Werewolf? There wolf.
“There” being the Wolf Conservation Center (WCC) in South Salem. Chappaqua resident Deborah Heineman has been the Center’s executive director for about four years following stints as marketing director for major companies such as Readers Digest, Sotheby’s, and HBO. Always a dog lover, she found herself in a new and fascinating position.
Welcoming Wolves to Westchester
The Center was incorporated as a nonprofit organization in 1999 by Helene Grimaud, a French pianist with an affinity for canines, and J. Henry Fair, an environmental photographer known for aerial photography. The Center was originally created to raise awareness of the plight of endangered wolves through education. Grimaud and Fair “just wanted people to realize wolves were truly on the brink of extinction,” says Heineman.
The Center started with three “ambassador wolves:” Apache, Kaila, and Lukas, who all lived into their teens. But, Grimaud decided that, if the WCC was serious about saving an endangered species, it had to join the Species Survival Plan (“SSP”). The SSP shelters and breeds endangered wolves under the direction of U.S. Fish & Wildlife, developing protocols to reintroduce and bring species back into their natural environments. Many SSP members are zoos with limited space, which makes the 26-acre Wolf Conservation Center in Westchester unique.
So, seven years ago, the Center raised half a million dollars, working with the Westchester Land Trust to take over a portion of the Old Field Preserve property and creating SSP wolf enclosures. The Center’s efforts continue; “we now have an opportunity to own all the property on which the WCC resides and are hoping to buy and redo the original education site,” says Heineman.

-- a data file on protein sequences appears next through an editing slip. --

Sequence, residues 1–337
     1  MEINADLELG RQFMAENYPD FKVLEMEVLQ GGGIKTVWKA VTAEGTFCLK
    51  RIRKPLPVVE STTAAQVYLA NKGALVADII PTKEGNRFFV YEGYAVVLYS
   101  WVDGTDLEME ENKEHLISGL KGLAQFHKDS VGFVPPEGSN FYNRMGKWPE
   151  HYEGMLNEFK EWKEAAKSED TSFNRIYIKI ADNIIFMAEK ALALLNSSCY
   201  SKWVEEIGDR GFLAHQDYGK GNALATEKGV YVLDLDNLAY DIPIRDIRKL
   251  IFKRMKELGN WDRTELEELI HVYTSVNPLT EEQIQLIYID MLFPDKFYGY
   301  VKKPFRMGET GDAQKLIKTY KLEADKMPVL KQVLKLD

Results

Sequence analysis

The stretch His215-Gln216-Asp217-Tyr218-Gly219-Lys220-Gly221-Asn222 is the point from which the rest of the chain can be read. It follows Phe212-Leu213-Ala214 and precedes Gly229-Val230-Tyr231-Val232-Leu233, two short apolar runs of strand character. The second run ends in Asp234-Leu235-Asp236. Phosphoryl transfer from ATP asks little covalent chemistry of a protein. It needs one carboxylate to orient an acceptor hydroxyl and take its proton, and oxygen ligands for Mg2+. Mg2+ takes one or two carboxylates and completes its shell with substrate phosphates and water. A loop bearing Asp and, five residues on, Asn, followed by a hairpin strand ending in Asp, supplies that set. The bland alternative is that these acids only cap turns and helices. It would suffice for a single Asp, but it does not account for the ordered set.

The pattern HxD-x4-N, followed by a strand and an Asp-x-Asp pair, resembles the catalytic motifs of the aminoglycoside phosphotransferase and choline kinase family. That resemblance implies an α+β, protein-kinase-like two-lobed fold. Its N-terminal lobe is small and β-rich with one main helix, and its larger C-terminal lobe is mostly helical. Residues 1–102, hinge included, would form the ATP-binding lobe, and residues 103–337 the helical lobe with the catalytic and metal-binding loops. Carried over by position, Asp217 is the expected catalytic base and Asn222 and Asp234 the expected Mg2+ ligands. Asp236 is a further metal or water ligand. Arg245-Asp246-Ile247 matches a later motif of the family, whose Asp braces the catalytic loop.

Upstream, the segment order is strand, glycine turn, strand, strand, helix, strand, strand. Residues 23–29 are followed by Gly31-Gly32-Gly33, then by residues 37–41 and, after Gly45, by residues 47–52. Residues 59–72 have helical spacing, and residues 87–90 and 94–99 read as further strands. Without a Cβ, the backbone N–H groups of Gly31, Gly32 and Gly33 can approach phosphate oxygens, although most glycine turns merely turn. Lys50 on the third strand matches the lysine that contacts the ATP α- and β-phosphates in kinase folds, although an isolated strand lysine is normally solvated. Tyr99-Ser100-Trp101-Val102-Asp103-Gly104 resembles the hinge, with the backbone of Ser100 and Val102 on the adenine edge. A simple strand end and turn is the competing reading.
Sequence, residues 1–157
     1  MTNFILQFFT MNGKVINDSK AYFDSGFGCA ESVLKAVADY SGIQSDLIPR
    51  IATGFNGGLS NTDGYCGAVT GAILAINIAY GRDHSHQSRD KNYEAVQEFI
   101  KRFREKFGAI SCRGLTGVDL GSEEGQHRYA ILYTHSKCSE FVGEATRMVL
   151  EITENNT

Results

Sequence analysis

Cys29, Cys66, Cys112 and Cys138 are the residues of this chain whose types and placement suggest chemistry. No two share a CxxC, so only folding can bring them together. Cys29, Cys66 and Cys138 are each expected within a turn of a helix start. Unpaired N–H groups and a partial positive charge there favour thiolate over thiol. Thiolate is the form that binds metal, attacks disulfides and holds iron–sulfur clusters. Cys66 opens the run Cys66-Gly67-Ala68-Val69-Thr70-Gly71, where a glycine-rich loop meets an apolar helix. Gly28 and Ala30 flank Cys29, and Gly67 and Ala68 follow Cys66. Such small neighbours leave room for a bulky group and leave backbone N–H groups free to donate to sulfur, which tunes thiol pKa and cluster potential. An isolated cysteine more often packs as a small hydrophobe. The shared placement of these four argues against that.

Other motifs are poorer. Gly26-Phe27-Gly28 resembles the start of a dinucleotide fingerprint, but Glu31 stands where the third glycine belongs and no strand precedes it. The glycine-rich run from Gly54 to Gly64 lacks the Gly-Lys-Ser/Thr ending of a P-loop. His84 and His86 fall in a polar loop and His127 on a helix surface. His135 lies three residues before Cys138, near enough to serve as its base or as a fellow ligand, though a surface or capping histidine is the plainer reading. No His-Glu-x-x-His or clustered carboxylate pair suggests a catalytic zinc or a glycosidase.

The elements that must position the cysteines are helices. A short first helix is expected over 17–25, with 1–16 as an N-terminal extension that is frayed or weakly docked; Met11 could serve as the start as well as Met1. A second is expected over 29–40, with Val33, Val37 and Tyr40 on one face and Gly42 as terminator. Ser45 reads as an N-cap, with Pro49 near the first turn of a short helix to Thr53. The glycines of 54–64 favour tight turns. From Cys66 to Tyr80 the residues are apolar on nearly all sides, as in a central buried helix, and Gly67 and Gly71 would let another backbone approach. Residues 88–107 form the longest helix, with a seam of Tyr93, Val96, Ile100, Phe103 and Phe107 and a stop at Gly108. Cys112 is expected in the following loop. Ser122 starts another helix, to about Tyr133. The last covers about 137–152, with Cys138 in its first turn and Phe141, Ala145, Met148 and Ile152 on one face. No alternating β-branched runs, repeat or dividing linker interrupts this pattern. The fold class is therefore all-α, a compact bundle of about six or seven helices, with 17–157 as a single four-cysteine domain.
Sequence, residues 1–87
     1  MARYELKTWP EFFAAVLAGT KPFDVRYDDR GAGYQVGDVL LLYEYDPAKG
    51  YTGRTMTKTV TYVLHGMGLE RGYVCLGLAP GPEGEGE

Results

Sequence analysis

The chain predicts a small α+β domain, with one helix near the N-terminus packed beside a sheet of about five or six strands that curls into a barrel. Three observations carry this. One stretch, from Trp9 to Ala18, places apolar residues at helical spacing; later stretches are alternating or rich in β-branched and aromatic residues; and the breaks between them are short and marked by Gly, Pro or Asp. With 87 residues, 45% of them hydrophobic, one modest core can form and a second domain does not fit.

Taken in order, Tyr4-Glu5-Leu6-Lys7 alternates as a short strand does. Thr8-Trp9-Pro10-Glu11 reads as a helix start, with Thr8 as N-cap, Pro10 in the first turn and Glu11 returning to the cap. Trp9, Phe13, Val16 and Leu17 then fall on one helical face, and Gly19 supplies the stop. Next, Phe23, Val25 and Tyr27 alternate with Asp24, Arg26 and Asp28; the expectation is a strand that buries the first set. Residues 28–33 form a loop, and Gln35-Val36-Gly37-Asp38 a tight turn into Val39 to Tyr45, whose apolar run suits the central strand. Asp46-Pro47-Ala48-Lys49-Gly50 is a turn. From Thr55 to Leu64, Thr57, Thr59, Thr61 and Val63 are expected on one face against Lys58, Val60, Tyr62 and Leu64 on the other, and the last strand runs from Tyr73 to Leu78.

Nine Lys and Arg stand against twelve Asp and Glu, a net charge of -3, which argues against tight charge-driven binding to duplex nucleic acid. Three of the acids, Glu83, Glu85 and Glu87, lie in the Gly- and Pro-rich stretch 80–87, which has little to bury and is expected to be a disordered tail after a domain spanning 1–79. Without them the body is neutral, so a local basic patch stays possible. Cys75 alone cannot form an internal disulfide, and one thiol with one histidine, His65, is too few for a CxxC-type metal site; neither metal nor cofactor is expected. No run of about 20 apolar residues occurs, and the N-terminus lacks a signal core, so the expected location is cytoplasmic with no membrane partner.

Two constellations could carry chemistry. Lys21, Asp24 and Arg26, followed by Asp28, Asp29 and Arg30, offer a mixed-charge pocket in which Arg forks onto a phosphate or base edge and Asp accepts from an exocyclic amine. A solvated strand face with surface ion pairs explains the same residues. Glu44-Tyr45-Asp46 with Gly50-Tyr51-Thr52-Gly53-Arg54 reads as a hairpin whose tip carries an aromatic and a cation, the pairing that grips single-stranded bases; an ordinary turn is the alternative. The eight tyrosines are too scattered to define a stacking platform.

Life at the Center
The Center’s goals are mainly education and conservation. Heineman, as the primary fundraiser, doesn’t spend much time on site. “I love the fact that I’m actually doing something that matters,” she says, but notes that she misses the interaction with the wolves.
Center volunteers do just about anything, age allowing. There is a lot of wolf care, like repairing fences and cleaning up, and helping with programs and events such as the Center’s annual holiday party, “Wine and Wolves.” The Center is also “the best recycling program in Westchester:” every time someone hits a deer on the roads, it’s dropped off at the Center for the wolves to eat.
The Center’s SSP residents are Mexican grey wolves and red wolves, both with a life expectancy in the wild of about eight to ten years. They live at the WCC in packs of anywhere from two to ten wolves. Right now, the three ambassador wolves are Atka, Zephyr, and Alawa. SSP wolves simply have numbers led by an “F” or an “M” (to indicate sex) rather than names.
Each pack of SSP wolves has free range of its 1-acre+ enclosure within the Center and minimal contact with humans. “If they lose their natural fear of humans then they would not be good candidates to release into the wild and wouldn’t survive,” says Heineman. The ambassador wolves are exceptions: “With ambassador wolves we go through an intense socialization process so they’re NOT afraid,” she adds. Wolf numbers in the wild have gone from less than 20 of each species at the end of the past Century into the hundreds today, showing the success of the Center and other places like it.
Spreading The Word
Atka, the Center’s Arctic wolf, is very cooperative and commands a fair amount of respect. He travels to schools and libraries to do presentations and helps teach about wolves and the importance of saving the species. Atka has presented before Congress twice, and has been on the Today Show. He’s always an invited guest at December’s Wine and Wolves event, and this year attended the Howling Wolves concert. In addition to Atka’s travels, the Center itself hosts a variety of programs that cater to specific age levels. Programs require pre-registration, so always call or check the website first.
The Chappaqua community is a huge part of the Center. Not only does Heineman live here, but the Center’s bookkeeper is a Greeley graduate and the majority of town vendors donate food and/or auction items each year to its fundraising events.
“They’re great, they’re like ‘absolutely!’ and they just do it,” says Heineman, who always appreciates any and all donations.
Lindsay Hand is a sophomore at Horace Greeley High School, and has written numerous articles and served as September’s “Guest Editor” for Inside Chappaqua.